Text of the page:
IIT-B admission: Math Olympiad qualifiers eligible for UG course

Published on Apr 26, 2019 02:35 AM IST

These students will have to appear for an entrance examination conducted by the mathematics department of the institute before being accepted.

Entry into the Indian Institute of Technology-Bombay (IIT-B) will no longer depend only on Joint Entrance Examination (JEE) scores.(Getty Images/iStockphoto)
Entry into the Indian Institute of Technology-Bombay (IIT-B) will no longer depend only on Joint Entrance Examination (JEE) scores.(Getty Images/iStockphoto)
Mumbai | By

Entry into the Indian Institute of Technology-Bombay (IIT-B) will no longer depend only on Joint Entrance Examination (JEE) scores. Starting this year, select students who wish to pursue an undergraduate degree in mathematics at IIT-B will be eligible for one of six seats if they are on the Indian National Mathematical Olympiad (INMO) qualified list, 2019.

These students will have to appear for an entrance examination conducted by the mathematics department of the institute before being accepted. Such lateral entry could soon be allowed for admissions to specialised courses at the institute.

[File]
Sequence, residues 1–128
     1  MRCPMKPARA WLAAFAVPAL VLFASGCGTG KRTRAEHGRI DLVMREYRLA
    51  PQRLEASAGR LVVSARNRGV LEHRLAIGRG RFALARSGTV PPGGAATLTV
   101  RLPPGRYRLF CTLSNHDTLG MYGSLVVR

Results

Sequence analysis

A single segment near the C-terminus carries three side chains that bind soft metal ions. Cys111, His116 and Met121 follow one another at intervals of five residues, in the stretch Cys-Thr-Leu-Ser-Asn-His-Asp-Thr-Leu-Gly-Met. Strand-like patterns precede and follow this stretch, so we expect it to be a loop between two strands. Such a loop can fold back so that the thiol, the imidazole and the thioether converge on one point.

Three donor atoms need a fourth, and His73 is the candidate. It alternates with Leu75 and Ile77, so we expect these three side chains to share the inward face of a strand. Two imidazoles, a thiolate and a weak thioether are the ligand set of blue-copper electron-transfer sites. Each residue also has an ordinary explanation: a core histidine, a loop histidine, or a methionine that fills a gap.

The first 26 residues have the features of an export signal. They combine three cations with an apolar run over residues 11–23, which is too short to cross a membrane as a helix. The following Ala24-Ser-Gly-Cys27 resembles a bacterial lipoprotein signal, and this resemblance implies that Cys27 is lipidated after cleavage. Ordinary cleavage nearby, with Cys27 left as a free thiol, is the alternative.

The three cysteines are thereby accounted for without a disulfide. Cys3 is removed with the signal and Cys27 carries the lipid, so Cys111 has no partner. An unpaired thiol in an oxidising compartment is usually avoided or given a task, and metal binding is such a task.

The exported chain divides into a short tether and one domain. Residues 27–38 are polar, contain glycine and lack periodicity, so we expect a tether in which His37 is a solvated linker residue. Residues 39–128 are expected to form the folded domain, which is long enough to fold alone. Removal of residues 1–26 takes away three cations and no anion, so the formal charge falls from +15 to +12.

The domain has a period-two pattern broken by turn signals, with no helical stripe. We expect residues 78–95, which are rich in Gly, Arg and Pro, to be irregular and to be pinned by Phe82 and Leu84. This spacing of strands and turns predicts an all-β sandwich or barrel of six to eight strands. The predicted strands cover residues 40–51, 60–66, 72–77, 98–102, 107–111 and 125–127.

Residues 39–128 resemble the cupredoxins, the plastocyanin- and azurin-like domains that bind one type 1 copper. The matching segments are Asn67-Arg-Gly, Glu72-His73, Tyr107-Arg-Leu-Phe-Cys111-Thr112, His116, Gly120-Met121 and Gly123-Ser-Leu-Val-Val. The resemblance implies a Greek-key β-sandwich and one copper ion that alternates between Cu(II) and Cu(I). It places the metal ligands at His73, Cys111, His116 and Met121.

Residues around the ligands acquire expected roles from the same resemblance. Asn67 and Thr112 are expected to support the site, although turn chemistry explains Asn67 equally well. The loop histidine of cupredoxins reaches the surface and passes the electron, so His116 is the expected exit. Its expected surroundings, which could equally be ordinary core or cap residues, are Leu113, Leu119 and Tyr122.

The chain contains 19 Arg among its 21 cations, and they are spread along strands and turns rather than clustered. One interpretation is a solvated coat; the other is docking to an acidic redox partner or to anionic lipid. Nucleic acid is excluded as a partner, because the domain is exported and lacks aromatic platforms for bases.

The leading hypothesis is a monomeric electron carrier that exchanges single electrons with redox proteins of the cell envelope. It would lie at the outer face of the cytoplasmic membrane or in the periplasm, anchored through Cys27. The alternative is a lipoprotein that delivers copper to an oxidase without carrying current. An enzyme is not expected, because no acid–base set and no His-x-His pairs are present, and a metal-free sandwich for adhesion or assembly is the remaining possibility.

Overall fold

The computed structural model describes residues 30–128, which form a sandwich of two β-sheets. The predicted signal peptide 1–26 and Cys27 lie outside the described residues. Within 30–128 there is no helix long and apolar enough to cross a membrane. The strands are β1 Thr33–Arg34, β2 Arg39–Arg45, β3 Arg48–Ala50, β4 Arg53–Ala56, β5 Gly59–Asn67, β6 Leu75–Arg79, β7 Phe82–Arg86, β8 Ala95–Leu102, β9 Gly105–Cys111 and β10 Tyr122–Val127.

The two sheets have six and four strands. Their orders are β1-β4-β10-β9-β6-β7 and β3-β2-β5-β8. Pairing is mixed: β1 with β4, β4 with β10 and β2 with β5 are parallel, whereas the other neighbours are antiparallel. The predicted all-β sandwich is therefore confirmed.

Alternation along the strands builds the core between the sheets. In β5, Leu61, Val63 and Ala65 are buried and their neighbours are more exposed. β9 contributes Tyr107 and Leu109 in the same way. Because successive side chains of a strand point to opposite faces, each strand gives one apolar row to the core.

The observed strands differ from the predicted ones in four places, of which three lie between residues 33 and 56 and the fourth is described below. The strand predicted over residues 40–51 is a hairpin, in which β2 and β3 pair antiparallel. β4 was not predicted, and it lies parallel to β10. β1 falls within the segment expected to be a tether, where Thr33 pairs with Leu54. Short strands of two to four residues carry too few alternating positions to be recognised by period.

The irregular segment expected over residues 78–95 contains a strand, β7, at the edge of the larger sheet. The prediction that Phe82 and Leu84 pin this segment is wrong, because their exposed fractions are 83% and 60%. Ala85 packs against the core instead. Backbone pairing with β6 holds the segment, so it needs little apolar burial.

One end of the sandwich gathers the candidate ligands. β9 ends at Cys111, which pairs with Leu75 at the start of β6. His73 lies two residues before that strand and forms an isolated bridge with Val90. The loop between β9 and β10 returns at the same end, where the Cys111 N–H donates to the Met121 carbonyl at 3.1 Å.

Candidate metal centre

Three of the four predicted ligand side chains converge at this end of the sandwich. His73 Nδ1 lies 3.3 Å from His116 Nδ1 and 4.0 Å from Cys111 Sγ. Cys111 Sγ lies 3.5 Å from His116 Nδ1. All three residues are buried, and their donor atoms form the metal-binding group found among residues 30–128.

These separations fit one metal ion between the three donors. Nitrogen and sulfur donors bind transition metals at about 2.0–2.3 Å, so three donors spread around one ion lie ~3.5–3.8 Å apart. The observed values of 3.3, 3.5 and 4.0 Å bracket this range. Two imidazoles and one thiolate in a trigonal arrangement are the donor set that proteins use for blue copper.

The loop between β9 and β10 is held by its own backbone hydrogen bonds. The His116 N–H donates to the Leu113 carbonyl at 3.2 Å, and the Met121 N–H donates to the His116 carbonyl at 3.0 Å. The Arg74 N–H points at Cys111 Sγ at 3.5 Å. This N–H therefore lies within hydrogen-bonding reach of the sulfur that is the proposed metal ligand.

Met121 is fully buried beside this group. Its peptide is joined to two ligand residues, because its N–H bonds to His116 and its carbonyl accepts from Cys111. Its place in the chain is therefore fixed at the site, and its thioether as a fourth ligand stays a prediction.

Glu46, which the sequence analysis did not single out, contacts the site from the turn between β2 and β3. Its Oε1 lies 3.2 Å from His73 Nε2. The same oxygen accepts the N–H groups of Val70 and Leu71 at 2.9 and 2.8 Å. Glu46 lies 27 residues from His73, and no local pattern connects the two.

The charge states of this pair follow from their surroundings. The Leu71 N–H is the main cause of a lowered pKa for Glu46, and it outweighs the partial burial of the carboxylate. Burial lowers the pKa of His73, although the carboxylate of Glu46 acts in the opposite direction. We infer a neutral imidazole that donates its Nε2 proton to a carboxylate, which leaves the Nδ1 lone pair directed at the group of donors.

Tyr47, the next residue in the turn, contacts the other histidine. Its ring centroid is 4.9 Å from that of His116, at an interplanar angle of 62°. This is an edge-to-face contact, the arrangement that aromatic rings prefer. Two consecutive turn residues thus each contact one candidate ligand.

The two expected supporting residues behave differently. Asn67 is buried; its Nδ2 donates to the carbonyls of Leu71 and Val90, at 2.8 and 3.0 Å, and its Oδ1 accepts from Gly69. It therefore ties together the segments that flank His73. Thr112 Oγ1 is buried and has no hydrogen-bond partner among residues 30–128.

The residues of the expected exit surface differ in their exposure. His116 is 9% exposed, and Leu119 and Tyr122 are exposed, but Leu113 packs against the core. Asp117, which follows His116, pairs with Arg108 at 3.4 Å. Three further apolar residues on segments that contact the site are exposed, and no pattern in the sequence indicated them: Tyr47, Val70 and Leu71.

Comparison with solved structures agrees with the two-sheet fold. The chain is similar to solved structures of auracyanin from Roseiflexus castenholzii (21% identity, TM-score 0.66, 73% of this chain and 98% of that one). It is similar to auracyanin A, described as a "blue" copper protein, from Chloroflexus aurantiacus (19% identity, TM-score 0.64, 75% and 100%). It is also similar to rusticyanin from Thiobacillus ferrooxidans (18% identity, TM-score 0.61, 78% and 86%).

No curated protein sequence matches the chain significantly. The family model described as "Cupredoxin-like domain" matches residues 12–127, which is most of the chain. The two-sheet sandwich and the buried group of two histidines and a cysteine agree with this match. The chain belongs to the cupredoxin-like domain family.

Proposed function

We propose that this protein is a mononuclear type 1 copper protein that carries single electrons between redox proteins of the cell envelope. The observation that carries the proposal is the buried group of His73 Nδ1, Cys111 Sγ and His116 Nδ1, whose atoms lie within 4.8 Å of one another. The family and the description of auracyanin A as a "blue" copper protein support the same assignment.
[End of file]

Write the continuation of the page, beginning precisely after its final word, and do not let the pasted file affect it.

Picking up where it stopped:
“Instead of JEE, if someone has performed well in the National Olympiad for mathematics and approaches us, they will have to appear for an entrance exam and their performance will determine their entry to the course,” said Subhasis Chaudhuri, director, IIT-B. He added that this type of lateral entry will help students who do better in certain subjects than others of JEE to be able to master a particular subject at IIT-B.

Chaudhuri on Thursday also discussed a new course that IIT-B is currently designing, on the lines of liberal arts.

“The academic pressure at IIT-Bombay is a lot and sometimes students can’t handle it. Therefore, we are looking at introducing Liberal STEM [science, technology, engineering and mathematics] as a program,” he said, adding that the institute has already set up an expert committee to work on its implementation in the near future.

“If students want to specialise in a particular field, they are free to do so, but if they want to study a variety of subjects from different departments, or new subjects like music or appreciation of arts, we want to be able to give them such options,” said Chaudhuri. The committee will also look at collaborations with other institutions if needed.

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  • ABOUT THE AUTHOR

    Shreya Bhandary is a Special Correspondent covering higher education for Hindustan Times, Mumbai. Her work revolves around finding loopholes in the current education system and highlighting the good and the bad in higher education institutes in and around Mumbai.

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